A 3-Day Grand Circle Trip around Olympic National Park
This was a fantastic 3-day driving trip to visit the Lake Quinault Lodge on Lake Quinault (Day 1), the Lake Crescent Lodge (Day 2), and a final day’s drive through the legendary town of Forks, WA — infamous for its scenes in the Twilight movie series — and the northern coastline of the Olympic Peninsula on the way back to the starting point, Bainbridge Island, WA (Day 3).
The 350+ mile drive distributes fairly evenly over the three days and takes you past incredible scenery including rivers, mountains, lakes, waterfalls, beaches, incredible gigantic and mystical trees, a few interesting towns, two great Olympic National Park lodges as well as good food . . . There is not excessive driving, so the daily driving distances do not overwhelm.
The ‘Perfect Storm’
But the highlight of this particular journey, however, was experiencing the aftermath of a rare strong northwestern Pacific storm — a ‘Perfect Storm’ — which, fortunately, does not happen very often. An incredible weekend spent at the two lake lodges — Lake Quinault and Lake Crescent — after a ‘perfect storm!’
Of course, the perfect place to be after the perfect storm is circling the Olympic Peninsula in Washington State, surveying the awesomeness of ‘Mother Nature.’ Fortunately, all the pluses and none of the negatives of such a storm were in evidence on that weekend all throughout the Olympic Peninsula.
The fireplace, shown below, at the Lodge at Lake Crescent (Day 2) was the perfect place to cap off this wonderful and surreal adventure.
No one wants to be in the ‘perfect storm,’ but if you just happen to be in the vicinity of the Lodge at Lake Quinault during a recent tempest, like I was, you couldn’t help experience the awesomeness of surrounding ‘Mother Nature.’ Fortunately, there was not any significant damage — so I am thankful for that!
Having said this, I now want to share with you that driving around the entire lake in a grand circle (dodging fallen branches, new potholes, and the like) to survey the whole post-storm scene was simply surreal. It was as if the skies opened up to reveal awesome nature without anyone being hurt—and without any significant damage to homes and structures.
You cannot imagine the raging streams, creeks, rivers, cascades, and the lake — not to speak of the hanging clouds, the fog, the mist, and all the mysterious pieces of that whole scene that came together in what must be a once-in-a-century visage that is so rarely experienced by anyone.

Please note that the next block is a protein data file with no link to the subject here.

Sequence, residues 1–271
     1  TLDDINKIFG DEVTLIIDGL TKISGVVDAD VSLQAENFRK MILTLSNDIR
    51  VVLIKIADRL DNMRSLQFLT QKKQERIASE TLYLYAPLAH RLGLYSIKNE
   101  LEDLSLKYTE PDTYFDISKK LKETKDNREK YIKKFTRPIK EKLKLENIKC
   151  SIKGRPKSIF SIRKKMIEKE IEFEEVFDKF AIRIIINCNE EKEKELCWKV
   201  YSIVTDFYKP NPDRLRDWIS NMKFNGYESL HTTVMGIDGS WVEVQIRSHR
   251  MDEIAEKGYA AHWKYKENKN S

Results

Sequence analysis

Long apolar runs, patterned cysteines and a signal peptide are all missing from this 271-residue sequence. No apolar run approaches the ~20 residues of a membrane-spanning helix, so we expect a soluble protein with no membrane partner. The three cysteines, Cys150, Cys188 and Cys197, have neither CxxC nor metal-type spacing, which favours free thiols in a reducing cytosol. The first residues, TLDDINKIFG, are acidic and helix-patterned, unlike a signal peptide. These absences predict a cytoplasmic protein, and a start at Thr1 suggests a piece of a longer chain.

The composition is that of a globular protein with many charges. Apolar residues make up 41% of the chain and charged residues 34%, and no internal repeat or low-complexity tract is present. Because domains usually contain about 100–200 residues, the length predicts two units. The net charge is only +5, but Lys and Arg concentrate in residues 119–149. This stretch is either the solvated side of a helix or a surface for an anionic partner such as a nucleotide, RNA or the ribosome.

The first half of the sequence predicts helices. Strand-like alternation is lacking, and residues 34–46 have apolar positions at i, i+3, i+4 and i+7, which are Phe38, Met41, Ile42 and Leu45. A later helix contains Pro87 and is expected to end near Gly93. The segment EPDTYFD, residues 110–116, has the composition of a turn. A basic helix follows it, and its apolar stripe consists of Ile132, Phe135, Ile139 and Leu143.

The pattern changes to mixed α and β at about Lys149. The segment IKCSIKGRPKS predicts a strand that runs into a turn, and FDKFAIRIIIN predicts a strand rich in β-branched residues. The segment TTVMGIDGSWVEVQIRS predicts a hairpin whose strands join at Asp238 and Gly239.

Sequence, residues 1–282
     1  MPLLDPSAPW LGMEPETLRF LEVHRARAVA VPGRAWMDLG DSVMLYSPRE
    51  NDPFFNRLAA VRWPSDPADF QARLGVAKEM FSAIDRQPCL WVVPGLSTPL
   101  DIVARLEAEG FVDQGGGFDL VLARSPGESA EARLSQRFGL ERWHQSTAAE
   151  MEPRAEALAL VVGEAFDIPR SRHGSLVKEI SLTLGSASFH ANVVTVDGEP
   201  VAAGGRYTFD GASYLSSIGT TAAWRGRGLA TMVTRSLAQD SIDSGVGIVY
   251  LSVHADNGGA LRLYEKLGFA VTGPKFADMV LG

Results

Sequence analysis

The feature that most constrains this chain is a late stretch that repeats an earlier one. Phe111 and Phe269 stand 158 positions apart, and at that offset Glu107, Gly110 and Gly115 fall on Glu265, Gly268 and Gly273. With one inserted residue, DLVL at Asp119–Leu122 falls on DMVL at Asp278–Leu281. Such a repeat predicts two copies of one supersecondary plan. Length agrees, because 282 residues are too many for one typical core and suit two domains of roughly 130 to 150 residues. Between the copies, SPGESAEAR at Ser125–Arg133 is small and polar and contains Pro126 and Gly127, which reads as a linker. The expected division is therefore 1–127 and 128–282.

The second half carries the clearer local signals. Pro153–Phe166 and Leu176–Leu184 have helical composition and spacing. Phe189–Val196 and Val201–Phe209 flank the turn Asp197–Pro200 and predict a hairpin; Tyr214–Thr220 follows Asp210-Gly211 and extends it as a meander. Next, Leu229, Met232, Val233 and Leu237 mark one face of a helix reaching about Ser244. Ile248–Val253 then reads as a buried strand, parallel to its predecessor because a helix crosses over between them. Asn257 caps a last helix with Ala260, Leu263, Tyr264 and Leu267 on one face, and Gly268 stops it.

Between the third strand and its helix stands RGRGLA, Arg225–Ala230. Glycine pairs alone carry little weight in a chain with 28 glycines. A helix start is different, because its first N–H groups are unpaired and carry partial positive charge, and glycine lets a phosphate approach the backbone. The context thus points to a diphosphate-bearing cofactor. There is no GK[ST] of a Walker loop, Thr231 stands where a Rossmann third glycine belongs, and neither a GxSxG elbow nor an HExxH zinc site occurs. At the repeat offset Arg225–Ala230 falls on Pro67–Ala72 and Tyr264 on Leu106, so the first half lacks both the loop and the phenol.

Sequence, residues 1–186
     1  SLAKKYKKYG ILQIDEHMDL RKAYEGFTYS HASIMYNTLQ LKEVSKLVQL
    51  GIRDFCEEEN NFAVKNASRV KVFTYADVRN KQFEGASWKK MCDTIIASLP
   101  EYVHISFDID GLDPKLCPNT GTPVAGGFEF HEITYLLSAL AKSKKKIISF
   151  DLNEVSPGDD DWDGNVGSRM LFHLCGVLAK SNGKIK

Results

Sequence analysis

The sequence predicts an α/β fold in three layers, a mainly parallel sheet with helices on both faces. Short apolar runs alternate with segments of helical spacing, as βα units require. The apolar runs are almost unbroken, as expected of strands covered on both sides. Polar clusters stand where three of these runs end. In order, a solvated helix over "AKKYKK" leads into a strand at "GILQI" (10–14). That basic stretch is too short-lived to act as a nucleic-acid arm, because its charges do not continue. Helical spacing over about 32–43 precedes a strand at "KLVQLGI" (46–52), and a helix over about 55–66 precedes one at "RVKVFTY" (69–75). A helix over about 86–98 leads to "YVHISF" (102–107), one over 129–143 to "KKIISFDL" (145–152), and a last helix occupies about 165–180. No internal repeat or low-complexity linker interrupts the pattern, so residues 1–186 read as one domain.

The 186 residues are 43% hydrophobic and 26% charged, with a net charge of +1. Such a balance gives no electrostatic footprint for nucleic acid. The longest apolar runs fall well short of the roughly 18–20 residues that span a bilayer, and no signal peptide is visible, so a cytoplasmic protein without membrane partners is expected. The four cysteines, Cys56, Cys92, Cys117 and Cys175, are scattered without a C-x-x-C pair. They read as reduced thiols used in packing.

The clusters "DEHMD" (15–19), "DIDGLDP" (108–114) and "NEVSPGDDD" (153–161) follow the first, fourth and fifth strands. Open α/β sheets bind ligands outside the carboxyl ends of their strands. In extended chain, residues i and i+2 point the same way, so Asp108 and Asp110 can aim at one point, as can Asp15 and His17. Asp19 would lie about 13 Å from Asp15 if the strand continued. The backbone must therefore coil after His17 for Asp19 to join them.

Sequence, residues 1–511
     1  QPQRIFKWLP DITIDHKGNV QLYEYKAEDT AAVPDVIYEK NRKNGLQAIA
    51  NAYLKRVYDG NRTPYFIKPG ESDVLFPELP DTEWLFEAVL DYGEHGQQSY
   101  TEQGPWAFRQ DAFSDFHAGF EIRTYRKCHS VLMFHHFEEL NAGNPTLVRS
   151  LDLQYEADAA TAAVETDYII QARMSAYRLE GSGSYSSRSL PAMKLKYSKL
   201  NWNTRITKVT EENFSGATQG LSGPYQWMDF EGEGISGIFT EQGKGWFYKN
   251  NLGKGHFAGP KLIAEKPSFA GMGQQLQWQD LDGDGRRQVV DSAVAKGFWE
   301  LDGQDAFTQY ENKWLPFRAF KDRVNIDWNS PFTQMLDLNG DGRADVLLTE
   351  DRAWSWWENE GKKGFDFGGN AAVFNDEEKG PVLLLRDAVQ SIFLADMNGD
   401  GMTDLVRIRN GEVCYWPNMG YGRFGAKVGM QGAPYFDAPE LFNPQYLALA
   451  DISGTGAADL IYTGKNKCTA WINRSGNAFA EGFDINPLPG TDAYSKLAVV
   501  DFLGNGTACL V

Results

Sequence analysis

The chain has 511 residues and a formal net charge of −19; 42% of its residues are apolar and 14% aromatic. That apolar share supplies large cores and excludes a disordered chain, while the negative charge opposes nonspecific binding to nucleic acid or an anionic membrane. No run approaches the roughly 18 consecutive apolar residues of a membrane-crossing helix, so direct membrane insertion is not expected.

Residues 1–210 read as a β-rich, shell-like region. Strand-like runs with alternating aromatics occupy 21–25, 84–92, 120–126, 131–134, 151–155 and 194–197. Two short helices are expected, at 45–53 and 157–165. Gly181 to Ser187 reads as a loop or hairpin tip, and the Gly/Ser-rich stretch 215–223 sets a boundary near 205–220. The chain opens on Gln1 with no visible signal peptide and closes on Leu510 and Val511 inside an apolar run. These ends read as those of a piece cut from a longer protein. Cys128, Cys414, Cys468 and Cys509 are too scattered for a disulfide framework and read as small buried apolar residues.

Capping off this trip around the lake was my stop at the end of Day 2 — warming up by the fire at the Lodge at Lake Crescent, where I overnighted on my second night of my two-night journey circling the Olympic Peninsula within the Olympic National Park.
The goal for Day 1 was to arrive early enough at the Lake Quinault Lodge to relax, briefly survey the area, enjoy a good meal, take shelter from a growing storm and enjoy the solitude of the wilderness setting.
Starting out, I wanted to drive all around the lake to survey the aftermath of this significant storm. What I saw was much more than I expected: raging streams, cascading waterfalls everywhere, fog and mist, flooding, potholes, branches and debris, the occasional downed tree — the general aftermath of a significant winter storm.
The scene bordered on the surreal and the mystical. And you did not know if you would be able to circumnavigate the lake. Thus — given the combination of slight anxiety, or nervous anticipation of not knowing if you were going to get through or not, plus the flooding and storm debris — you had the perfect mix for a bit of an exciting adventure!
The final day was devoted to the return to home base, Bainbridge Island. This was an easy, leisurely drive that permitted a brief break in Port Angeles and a relatively early arrival back home.
Having pure fun on such a grand-circle adventure around the Olympic Peninsula you do such silly, stupid things as stop for a ‘Blizzard’ at a Dairy Queen towards the end of the journey. I mean, what is a great adventure without the occasional crazy stupit diversion, huh?